Tuesday, June 5, 2018

Is the Bible Understandable?

If you are like me, the answer to this question seems so obvious your initial reaction is to wonder why anyone would think to ask it. Nevertheless, the question was posed recently, and I want to take some time to reflect on it here.

The obvious answer is “yes.” What motivates my work as a college professor is the conviction that ordinary readers can learn to read and apply the Bible for themselves. I would not have welcomed the opportunity to teach an introductory course on hermeneutics regularly over the last fourteen years if I did not think the Bible was understandable.

But what do we mean when we affirm that the Bible is understandable? I take for granted that the Bible is not always easy to understand, and that reading well requires effort and skill. In my classes I explain that I want my students to develop confidence in their ability to interpret the Bible and at the same time grow in humility as they come to appreciate the complexity of the task and their own human limitations. We see through a glass darkly. Scripture is understandable the way God is understandable, and the self-revealing God is beyond our comprehension.

Does “understandable” allow for this complexity? Can those who affirm the Bible’s “understandability” admit that no one knows what this or that or that Hebrew word means, or confess to being unable to resolve a particular interpretive issue? Must we always arrive at answers, or are we allowed to live with questions from time to time?

I gather that the Protestant doctrine of the Bible’s perspicuity or clarity lies behind the question and the answer it invites. Indeed, in a 2009 article Wayne Grudem proposed using “understandability” as an alternative way of describing the Bible’s clarity.

I am going to argue that this substitution is problematic. “Clarity” and “understandability” mean different things, and conflating them leads to confusion. But if we assume for the moment that when we discuss the Bible’s “understandability” we really mean its “perspicuity,” the natural place to turn is the classic statement in the 17th-century Westminster Confession of Faith:
“All things in Scripture are not alike plain in themselves, nor alike clear unto all: yet those things which are necessary to be known, believed, and observed for salvation are so clearly propounded, and opened in some place of Scripture or other, that not only the learned, but the unlearned, in a due use of the ordinary means, may attain unto a sufficient understanding of them.” (WCF 1.7; online here)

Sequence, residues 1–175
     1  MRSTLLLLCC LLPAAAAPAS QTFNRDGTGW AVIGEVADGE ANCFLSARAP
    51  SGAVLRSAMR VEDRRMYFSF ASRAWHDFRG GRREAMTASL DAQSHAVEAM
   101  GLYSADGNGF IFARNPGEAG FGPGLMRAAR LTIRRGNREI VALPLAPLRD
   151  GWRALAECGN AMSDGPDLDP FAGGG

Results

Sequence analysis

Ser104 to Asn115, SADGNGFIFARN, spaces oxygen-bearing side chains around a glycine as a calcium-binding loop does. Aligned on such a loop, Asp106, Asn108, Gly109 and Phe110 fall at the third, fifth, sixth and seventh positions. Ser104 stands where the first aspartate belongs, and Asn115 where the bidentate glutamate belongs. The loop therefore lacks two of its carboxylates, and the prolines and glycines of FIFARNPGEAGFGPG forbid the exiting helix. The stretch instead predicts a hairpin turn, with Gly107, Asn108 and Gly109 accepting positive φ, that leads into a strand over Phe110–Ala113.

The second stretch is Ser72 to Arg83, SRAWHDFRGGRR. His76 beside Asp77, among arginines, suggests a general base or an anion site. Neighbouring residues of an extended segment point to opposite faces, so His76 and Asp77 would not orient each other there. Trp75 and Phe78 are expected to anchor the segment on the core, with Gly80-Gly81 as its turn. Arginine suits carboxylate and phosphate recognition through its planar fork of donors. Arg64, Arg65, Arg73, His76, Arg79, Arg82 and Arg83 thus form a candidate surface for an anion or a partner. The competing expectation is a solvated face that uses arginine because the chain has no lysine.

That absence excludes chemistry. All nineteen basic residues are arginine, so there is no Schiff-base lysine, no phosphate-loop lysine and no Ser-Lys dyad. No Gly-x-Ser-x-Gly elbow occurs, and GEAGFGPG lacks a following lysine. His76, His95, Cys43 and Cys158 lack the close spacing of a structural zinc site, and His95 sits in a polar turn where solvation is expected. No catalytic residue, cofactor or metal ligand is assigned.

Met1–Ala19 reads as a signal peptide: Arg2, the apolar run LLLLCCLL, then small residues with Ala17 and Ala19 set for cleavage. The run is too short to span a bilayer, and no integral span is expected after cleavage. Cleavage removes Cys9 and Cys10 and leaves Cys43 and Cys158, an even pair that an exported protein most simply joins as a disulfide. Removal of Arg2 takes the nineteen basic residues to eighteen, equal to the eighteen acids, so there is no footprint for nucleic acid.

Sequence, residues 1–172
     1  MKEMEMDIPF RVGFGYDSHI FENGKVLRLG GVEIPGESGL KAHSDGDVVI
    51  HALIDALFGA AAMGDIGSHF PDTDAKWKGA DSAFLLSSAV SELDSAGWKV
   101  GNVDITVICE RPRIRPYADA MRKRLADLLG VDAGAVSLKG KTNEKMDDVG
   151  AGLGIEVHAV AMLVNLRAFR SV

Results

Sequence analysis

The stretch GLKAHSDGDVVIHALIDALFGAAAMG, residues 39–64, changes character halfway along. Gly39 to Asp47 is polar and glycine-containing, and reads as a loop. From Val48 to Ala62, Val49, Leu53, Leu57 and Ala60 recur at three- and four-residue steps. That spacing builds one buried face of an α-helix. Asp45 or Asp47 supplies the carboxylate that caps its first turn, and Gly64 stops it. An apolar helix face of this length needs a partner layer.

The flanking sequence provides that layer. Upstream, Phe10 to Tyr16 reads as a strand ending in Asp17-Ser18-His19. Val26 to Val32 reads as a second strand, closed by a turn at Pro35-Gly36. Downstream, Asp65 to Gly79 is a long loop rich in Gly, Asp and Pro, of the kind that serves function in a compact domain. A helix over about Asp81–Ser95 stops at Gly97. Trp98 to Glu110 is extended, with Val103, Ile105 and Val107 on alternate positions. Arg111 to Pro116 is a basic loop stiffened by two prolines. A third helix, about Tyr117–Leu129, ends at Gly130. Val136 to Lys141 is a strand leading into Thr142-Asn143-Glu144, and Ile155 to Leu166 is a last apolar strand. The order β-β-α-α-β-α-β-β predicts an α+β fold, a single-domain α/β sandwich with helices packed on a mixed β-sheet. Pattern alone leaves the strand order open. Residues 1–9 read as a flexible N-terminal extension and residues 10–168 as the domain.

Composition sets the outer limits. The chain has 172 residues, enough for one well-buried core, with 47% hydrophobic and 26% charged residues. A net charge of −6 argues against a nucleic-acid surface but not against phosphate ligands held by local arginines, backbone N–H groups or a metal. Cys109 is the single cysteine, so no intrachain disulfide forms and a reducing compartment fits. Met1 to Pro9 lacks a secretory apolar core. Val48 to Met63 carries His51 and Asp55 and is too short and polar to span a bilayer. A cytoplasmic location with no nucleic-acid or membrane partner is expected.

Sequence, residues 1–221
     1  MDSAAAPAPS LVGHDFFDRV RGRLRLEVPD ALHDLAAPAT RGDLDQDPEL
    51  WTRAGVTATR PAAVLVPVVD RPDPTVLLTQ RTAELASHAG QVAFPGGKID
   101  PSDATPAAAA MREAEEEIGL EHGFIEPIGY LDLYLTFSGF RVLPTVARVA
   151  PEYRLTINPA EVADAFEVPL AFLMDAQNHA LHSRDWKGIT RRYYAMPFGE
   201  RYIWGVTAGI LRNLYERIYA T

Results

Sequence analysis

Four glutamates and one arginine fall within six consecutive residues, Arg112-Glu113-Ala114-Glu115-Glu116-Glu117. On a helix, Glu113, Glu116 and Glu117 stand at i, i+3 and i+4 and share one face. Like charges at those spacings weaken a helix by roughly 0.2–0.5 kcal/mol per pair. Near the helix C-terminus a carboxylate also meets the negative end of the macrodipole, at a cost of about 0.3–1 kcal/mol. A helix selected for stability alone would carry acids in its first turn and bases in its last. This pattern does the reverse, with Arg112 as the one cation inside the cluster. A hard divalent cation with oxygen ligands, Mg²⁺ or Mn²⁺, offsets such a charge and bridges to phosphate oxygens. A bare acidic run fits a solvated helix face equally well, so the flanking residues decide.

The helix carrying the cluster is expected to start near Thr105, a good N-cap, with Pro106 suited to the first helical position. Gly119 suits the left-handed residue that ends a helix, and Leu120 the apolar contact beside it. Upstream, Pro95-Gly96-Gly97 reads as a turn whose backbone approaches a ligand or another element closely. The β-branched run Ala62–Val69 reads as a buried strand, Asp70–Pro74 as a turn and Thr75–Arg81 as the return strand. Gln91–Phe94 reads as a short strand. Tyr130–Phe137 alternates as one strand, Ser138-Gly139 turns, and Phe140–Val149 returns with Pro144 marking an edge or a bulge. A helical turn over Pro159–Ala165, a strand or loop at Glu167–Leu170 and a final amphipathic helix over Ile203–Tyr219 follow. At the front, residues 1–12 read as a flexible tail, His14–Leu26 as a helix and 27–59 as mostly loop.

Grudem, however, explicitly rejects the Westminster Confession’s limitation of the Bible’s clarity to “those things which are necessary … for salvation,” and attempts to apply the doctrine in as expansive a way as possible. Grudem grants that understanding the Bible requires effort and time, that other people contribute to understanding, and that our understanding is never complete; he also allows that “there are still today a few words that we are not sure how to translate.” But he insists that if the Bible is authoritative, “clarity” must be affirmed “as a characteristic of Scripture as a whole” and not limited to things that are necessary for salvation: “[T]he meaning of the whole of scripture on many topics is able to be understood by God’s people.” In other words, Grudem defends something like a verbal plenary understandability that extends to (almost) every part of the text.

As a corollary to Scripture’s clarity, Grudem suggests, on the one hand, that “translations should be encouraged,” but he denies, on the other hand, that knowledge of the Bible’s historical context is necessary for understanding—that would put the meaning of the Bible out of the reach of ordinary people.

I share Grudem’s desire to help ordinary people read and understand the Bible. Nevertheless, there are major problems with Grudem’s broad interpretation of the clarity of Scripture. In the next few posts I want to consider weaknesses of Grudem’s approach, explaining why “clarity” and “understandability” should be distinguished, and why the original limited sense of “clarity” as it is presented in the Westminster Confession should be preferred.

Bibliography: Grudem, Wayne. “The Perspicuity of Scripture.” Themelios 34, no. 3 (2009): 288–308.

This is the first post in a series on the perspicuity of Scripture:
Perspicuity 2: The NET Bible on Old Testament Obscurities
Perspicuity 3: Limited Clarity, Perspicuous Theology and the Importance of Historical Context
Perspicuity 4: Suspended Reading and Wilful Misunderstanding 

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